[ntp:questions] "ntpd -q" is slow compared to ntpdate

Richard B. Gilbert rgilbert88 at comcast.net
Wed Oct 15 01:52:33 UTC 2008

Rick Jones wrote:
> Garrett Wollman <wollman at bimajority.org> wrote:
>> If you care about having reasonably correct timestamps in your logs,
>> you need to get a reasonably correct time established at boot time
>> before anything important starts. 
> Would it be fair to say that "today" anyway, having the time be within
> a (large fraction of a) second (IIRC that is the precision of most
> system logs still today?) be sufficient?
>> Once the system time is validated, the rest of the system may be
>> permitted to start, possibly including a long-running ntpd.  You
>> don't want that initial step happening after anything else has been
>> started, and the only way to convey this information to traditional
>> /etc/rc scripts is to have the program exit.
> And people (not just performance geeks :) are indeed concerned about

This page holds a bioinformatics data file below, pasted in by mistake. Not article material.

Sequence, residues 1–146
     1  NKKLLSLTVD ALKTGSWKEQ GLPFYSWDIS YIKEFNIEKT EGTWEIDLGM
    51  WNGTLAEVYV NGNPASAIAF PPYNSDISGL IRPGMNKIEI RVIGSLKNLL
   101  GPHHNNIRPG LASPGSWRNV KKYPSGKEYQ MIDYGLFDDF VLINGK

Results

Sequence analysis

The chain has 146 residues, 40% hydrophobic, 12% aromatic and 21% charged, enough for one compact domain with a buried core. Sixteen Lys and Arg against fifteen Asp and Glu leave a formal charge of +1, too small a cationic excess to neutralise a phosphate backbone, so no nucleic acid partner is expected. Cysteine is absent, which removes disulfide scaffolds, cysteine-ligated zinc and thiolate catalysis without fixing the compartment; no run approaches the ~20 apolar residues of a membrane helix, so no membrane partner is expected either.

> the speed at which a system is up and running.  Adding minutes to that
> is right out.  Where in the realm of added seconds things are is a
> very fertile area for discussion.
>> That is how most systems use ntpdate(1) now, and that is why
>> distributors are so resistant to change (the well-known problems of
>> ntpdate notwithstanding).
>> What they probably actually want is a flag that says "delay
>> daemonizing until the first time the clock is set".
> But still want things to happen "quickly" for some relative definition
> of quickly that probably does not encompass the length of time most
> (and I do  mean the term affectionately) time geeks would wait.

Much of the pain can be alleviated by not rebooting.  I dunno about 
Vista but W/XP can run for weeks or even months between reboots.  If you 
must shut down to save electricity or something, you'll just have to 
start the machines a few minutes before they need to have the correct time.

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